Updated story 11:22 AM

Stress corrosion cracking led to the 2018 Enbridge pipeline rupture 13 kilometres northeast of Prince George.

According to the Transportation Safety Board (TSB), deficiencies in predicting the extent of the cracking and a deferred inspection led to a hazard being undetected prior to the rupture.

The inspection was scheduled for 2017 but was deferred until the fall of 2018, meaning the existing cracks went undetected.

TSB Senior Investigator, Jennifer Philopoulos told MyPGNow.com this decision played a big role in the rupture.

“There is a likelihood that if the inspection had been done in 2017, and the inspection technology that would have been used would have captured the size of the crack, that would have been present at that time.”

Enbridge Senior Vice-President and Chief Operations Officer for the Gas and Midstream Business, Michele Harradence stated the company is doing all it can to regain the trust of the surrounding community and the Lheidli T’enneh.

“We want to work with the Chief-and-council to build a positive and mutually beneficial relationship and we want to see how we can build those shared priorities of safety, environmental protection, and economic development.”

Harradance adds Enbridge is chalking this up as a learning experience.

“We know this incident has caused concern and disrupted the lives of many people in the area and we absolutely apologize for that. We are very committed to have learned from this incident and we are taking steps to ensure the safety of our natural gas system.”

Since the explosion took place, Enbridge has completed a comprehensive pipeline integrity program on its natural gas pipeline system in BC to prevent similar incidents in the future.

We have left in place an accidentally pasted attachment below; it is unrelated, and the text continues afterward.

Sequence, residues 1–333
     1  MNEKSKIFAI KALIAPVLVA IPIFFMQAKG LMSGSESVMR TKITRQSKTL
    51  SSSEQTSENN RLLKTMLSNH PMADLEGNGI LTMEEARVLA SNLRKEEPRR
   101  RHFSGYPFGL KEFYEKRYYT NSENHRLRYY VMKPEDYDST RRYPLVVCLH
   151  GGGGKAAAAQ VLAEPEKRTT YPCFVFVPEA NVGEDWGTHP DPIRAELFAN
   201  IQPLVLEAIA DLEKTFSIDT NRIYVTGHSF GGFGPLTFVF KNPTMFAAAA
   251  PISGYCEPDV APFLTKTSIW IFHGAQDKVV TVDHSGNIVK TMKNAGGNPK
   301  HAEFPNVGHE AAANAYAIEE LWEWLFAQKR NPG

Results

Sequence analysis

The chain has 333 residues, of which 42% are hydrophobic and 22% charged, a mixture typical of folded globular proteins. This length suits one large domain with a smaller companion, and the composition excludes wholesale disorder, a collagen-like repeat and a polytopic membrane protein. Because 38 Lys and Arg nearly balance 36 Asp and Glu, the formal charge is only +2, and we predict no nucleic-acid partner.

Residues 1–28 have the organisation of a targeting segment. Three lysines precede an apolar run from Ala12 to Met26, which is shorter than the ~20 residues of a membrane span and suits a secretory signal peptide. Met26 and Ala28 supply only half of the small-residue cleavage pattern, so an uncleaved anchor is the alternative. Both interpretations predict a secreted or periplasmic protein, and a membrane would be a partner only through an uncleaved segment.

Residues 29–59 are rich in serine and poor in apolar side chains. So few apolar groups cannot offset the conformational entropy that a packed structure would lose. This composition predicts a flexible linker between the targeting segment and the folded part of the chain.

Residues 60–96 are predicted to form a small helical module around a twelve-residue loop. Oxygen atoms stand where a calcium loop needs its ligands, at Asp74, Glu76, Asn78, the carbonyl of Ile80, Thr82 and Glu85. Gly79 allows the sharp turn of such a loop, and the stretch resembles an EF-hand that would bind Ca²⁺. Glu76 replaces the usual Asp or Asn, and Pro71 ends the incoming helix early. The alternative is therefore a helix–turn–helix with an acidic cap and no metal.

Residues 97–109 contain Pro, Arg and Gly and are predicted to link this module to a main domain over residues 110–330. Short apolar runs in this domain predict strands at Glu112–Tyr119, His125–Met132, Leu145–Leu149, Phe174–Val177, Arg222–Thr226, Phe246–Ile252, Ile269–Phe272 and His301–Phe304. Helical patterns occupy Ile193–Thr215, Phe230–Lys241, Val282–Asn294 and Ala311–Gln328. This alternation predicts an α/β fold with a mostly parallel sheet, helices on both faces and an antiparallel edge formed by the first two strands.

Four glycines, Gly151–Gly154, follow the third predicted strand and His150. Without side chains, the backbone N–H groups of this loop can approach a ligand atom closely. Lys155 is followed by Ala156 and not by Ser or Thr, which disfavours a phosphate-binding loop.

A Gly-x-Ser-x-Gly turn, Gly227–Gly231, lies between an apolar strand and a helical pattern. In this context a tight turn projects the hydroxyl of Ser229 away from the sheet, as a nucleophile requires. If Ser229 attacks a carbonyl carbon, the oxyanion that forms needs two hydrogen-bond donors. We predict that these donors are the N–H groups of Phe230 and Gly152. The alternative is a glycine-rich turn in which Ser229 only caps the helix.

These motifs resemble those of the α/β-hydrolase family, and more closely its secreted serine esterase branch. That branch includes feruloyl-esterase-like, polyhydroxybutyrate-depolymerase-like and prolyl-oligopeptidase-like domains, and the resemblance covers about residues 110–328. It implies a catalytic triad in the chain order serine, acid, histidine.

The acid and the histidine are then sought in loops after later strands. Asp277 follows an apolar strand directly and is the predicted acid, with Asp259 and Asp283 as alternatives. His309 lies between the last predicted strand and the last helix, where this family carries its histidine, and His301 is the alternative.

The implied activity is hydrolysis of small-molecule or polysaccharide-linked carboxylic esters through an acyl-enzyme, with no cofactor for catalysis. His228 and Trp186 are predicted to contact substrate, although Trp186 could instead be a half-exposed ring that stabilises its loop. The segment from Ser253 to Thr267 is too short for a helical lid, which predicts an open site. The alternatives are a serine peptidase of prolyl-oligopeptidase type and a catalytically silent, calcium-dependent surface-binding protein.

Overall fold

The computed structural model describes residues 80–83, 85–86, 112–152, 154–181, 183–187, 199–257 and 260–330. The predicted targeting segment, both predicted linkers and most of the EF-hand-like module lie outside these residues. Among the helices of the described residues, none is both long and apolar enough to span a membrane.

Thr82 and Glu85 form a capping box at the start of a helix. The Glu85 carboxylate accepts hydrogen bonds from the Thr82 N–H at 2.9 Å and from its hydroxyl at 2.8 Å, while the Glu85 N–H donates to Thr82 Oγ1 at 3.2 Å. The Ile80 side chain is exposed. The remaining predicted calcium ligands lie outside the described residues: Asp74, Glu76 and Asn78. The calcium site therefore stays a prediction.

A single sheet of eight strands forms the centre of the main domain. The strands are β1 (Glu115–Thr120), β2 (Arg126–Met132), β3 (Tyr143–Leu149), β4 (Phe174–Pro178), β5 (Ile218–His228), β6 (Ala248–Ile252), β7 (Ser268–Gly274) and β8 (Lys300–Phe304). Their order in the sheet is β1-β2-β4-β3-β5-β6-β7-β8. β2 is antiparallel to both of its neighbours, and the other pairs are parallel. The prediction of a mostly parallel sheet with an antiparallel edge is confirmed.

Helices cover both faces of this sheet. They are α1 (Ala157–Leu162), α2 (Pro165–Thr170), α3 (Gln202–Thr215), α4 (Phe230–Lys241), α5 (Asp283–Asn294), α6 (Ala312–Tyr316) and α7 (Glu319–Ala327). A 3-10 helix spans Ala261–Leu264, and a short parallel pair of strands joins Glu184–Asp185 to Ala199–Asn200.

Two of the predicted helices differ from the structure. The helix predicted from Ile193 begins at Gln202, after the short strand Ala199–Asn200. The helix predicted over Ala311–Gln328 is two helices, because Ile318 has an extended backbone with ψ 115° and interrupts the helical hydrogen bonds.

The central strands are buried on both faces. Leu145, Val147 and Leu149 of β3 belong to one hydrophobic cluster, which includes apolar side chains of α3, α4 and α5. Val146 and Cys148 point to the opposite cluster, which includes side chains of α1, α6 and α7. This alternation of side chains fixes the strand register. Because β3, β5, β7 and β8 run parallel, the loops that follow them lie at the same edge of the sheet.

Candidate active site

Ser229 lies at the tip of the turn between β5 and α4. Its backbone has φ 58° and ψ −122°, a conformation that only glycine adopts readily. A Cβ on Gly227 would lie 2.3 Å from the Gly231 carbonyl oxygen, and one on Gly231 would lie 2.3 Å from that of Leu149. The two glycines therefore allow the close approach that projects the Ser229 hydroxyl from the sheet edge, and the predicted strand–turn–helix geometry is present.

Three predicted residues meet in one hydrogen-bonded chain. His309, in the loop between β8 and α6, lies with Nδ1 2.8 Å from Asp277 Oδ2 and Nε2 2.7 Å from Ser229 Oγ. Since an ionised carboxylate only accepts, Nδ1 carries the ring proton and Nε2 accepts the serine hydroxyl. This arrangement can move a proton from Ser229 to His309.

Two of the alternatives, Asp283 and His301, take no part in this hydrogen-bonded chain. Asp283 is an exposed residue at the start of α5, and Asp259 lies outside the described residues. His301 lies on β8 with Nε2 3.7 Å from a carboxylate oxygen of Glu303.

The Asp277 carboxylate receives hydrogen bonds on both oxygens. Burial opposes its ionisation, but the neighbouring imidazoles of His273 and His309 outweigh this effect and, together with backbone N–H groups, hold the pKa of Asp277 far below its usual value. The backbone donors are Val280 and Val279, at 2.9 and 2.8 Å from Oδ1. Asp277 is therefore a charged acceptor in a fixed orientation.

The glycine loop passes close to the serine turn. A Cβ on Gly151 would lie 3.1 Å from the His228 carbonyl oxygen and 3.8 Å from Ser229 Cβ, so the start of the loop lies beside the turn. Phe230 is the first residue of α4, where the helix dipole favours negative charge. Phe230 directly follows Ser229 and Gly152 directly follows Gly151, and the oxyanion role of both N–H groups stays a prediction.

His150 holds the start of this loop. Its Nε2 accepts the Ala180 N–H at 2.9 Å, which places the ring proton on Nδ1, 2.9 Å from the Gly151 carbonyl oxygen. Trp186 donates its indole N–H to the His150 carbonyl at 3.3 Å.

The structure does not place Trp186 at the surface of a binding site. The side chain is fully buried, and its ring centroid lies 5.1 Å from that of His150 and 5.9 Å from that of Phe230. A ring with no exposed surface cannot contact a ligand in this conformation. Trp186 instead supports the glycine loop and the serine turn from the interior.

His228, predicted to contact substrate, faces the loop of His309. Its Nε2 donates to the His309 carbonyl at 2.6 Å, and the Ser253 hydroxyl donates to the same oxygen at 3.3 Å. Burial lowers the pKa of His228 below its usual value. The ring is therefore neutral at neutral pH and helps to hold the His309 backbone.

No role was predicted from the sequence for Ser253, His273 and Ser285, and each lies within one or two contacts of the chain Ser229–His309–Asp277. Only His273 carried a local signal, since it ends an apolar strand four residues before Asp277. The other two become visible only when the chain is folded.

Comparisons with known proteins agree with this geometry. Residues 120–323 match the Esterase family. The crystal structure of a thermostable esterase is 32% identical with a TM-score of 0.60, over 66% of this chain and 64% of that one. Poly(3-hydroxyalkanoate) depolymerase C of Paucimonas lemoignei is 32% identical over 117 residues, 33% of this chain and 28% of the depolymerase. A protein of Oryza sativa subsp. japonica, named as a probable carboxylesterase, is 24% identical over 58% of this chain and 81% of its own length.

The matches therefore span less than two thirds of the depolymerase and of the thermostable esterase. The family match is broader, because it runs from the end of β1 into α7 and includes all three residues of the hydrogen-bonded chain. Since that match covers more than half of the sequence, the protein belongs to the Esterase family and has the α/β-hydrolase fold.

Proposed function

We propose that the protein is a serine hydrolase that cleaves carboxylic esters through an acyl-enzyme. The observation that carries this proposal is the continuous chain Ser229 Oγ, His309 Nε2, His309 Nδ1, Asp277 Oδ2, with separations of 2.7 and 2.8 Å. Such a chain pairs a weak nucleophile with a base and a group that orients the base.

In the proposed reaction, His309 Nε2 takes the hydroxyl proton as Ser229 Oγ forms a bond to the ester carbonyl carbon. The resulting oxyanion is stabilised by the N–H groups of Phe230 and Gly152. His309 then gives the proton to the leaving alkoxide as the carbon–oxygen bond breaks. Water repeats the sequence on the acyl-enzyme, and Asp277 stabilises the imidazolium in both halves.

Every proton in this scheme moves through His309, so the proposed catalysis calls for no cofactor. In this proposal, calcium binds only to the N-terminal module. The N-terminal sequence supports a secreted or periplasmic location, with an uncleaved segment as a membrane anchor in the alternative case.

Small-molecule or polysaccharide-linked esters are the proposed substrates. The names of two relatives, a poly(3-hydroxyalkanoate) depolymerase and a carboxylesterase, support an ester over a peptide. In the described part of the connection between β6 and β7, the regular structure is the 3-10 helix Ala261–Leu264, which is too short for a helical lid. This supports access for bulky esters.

“It’s actually the most aggressive program we have ever done on a system in BC and is aggressive as you’ll find in our industry. It’s really part of a new approach to pipelines and safety across all of our gas transmission assets,” added Harradence.

In February of 2019, the Lheidli T’enneh filed a lawsuit against Enbridge following the pipeline burst.

The host first nation claimed inadequate communication and the lack of emergency response from Enbridge was two of the main reasons behind the lawsuit.

====

Original Story 8:13 AM

The Transportation Safety Board has unveiled its report outlining the Enbridge Pipeline rupture and fire near Prince George in October in 2018.

The organization found that stress corrosion cracking led to the rupture resulting in the blaze.

Deficiencies in predicting the extent of the cracking and a deferred inspection led to a hazard being undetected prior to the rupture according to the TSB.

Following the rupture, the natural gas being transported was released and ignited.

No injuries were reported but 125 residents within a two-kilometre radius were evacuated.

In February of 2019, the Lheidli T’enneh filed a lawsuit against Enbridge following the pipeline burst.

The host first nation claims inadequate communication and the lack of emergency response from Enbridge were two of the main reasons behind the lawsuit.

In December, it was announced that the Enbridge West Coast Pipeline is operating at full capacity.